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I like to listen. I have learned a great deal from listening carefully. Most people never listen.
-- Ernest Hemingway


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Not long ago, I was given the go-ahead to interview some amazing people. One of them, when I asked what he did for a living, told me that he liked to stretch people into uncomfortability along the direction that he thought they needed to go. Without his nudge, they probably wouldn't change.

Stretching is uncomfortable. People generally don't like doing it. But it makes us more limber, improves our strength, and is actually gentle.

A lot of us, to get in shape, rely on others to help and motivate us. A coach, a trainer, a friend, a video, a song...

We want others to encourage us.

Kathy Sierra's stagnant but brilliant blog, Creating Passionate Users, had a wonderful post about risk-aversion.

One of the benefits of having a scary illness or major loss is that it reminds you of just how much time is ticking away, and that you always have options to make changes. If you have a great idea, what do you risk by not persuing it? Will you have more regrets if you try and fail than if you don't try at all? Some of the best and biggest ideas happen within the scope of large companies, but some of the most world-changing happen... elsewhere.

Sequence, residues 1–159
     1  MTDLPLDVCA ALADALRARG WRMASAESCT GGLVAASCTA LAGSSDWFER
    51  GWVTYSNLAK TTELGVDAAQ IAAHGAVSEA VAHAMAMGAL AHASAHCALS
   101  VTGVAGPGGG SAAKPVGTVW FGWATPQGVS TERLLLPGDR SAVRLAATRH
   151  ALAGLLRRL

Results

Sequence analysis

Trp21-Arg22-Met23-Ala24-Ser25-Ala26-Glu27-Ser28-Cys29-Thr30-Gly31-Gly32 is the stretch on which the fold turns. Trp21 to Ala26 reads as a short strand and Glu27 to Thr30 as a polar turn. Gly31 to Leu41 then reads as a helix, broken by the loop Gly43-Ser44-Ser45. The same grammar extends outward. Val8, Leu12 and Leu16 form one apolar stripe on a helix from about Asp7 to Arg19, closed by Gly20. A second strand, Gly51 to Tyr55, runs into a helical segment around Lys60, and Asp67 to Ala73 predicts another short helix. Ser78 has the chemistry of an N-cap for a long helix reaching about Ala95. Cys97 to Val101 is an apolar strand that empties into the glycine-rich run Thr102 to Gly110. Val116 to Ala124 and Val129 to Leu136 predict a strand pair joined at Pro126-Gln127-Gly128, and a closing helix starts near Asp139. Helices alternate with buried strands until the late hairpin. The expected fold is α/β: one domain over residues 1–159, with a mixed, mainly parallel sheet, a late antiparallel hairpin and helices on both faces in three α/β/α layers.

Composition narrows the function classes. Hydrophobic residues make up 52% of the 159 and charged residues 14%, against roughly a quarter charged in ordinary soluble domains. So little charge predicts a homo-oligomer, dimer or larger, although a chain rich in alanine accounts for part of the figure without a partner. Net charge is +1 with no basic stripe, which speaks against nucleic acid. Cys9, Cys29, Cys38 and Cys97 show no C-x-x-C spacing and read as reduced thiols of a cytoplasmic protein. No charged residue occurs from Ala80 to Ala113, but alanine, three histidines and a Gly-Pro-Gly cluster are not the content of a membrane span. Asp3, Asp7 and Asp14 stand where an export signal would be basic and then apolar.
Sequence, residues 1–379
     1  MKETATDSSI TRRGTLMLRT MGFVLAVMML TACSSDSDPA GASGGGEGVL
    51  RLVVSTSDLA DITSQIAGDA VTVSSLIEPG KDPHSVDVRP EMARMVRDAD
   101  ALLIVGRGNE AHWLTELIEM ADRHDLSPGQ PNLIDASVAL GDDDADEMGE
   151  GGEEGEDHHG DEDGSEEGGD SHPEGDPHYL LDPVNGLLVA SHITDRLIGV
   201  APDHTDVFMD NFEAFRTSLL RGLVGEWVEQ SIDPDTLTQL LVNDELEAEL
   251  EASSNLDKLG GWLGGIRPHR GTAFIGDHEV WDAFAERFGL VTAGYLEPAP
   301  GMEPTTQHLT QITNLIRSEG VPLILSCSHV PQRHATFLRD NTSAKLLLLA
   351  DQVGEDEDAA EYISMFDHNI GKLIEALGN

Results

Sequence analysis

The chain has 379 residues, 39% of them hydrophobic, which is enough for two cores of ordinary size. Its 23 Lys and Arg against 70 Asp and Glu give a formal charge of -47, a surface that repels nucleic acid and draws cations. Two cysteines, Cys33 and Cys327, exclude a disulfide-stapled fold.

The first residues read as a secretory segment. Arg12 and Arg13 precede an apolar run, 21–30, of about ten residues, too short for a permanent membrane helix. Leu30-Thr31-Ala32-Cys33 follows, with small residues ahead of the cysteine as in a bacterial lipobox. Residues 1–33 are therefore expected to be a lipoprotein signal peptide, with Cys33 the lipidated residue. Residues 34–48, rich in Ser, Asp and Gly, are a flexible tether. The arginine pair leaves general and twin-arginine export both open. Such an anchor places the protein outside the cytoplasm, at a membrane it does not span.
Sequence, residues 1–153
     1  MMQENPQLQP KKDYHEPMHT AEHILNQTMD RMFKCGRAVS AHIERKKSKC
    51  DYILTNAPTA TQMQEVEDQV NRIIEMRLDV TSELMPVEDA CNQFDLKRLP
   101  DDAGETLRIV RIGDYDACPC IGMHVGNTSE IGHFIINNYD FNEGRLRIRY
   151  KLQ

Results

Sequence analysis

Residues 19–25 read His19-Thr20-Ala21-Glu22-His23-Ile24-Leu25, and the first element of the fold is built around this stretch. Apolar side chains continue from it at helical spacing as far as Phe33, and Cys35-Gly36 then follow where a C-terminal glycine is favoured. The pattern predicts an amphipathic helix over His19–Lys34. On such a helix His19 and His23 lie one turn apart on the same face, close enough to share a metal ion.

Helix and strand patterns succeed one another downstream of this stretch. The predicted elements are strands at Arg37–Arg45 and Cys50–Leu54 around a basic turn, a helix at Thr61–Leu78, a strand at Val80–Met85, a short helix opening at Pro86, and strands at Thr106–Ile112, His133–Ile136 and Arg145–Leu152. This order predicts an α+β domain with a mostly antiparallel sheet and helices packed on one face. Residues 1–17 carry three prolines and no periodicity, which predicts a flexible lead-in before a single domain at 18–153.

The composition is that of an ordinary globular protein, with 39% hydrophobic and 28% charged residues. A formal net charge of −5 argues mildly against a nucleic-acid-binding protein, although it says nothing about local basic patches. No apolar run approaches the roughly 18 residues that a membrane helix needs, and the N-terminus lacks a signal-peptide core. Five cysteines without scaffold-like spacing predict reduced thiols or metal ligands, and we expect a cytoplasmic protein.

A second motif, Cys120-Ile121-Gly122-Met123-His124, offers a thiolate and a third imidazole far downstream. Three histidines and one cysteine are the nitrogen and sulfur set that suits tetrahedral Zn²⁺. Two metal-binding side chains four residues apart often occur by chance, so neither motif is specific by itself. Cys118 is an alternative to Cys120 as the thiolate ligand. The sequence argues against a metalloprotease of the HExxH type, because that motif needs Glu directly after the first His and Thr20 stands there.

Sometimes, outside influences force us to stretch. The world changes, and we respond. (I write this as I listen to Bonnie Raitt croon, "I Don't Want Anything to Change." Funny coincidence...)

Wayne Gretzky said so correctly, "You miss 100% of the shots you never take."

"But what if I miss?" is the whisper inside our heads, at times, when we want to stretch out in a new direction. "What if others see me fail?"

There's a danger in wanting others to encourage us. It beckons for approval. But here's the deal, which Kathy says in her post: "If you're not doing something that someone hates, it's probably mediocre."

Mediocre never changes the world.

So stretch... and stretch... and stretch. And stretch those around you. And never give up. The more at-bats you have, the more likely you are to hit a home run.

Annette recently wrote of persistence and a willingness to allow for temporary failure:

How many times would you let your baby try to walk? Of course the answer is, my baby is going keep trying to walk until he succeeds. No wonder you see so many people up walking around. Let's try this with ourselves. Keep trying until we succeed.


by Brett Rogers, 7/22/2007 3:45:04 PM


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